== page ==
By Cristina Schreil
The first time violinist Yukiko Ishibashi encountered the Stradivari she now plays, it was an emotional lightning-bolt moment. There were tears. “At the first moment when I played it I felt, for the first time in my life, that an instrument’s sound touched my soul,” she recalls. “It was like a god speaking . . . I couldn’t avoid crying. I had never before produced such a deep, warm, and round sound.”
Many players dream for the chance to encounter a Strad, especially one that turns out to be his or her musical soul mate. Ishibashi not only encountered a Strad, she was given the opportunity to play it for an extended period. Yet, what’s even rarer about Ishibashi’s experience is that she was not alone—two of her colleagues, fellow players in the ensemble Trio Oreade, were sharing in her experience. As Ishibashi secured her Strad, the 1710 “King George,” trio cellist Christine Hu met her Stradivari cello from 1698, nicknamed “De Kermadec Bläss.” The cello sports a darker, orange-brown varnish. And soon after, violist Ursula Sarnthein received her Stradivari viola: the 1734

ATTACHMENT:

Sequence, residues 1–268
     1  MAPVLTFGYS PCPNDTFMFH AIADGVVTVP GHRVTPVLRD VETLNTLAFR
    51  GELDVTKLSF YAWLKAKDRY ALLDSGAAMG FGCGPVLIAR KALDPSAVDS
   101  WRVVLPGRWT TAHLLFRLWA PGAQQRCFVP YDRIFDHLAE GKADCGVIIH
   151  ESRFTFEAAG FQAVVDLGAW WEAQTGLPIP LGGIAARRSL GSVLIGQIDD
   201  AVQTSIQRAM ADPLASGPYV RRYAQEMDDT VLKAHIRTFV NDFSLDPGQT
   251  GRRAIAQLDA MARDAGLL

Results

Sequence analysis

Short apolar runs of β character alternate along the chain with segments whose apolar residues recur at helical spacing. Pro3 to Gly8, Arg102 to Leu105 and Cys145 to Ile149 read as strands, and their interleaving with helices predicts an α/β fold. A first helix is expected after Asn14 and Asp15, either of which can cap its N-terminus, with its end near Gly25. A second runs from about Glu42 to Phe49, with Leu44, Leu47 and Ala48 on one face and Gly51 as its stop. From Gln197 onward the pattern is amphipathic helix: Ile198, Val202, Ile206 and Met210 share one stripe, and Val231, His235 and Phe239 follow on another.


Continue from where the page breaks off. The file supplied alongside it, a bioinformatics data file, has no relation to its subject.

“Gibson.” Their reactions were just as powerful. “I was overwhelmed. The instrument’s whole body was ringing somehow,” says Hu of the first time she played. “Everything was sound.” Sarnthein, who felt pressure to gel with the instrument especially after her colleagues loved theirs, was pleasantly surprised to find that she clicked with the viola.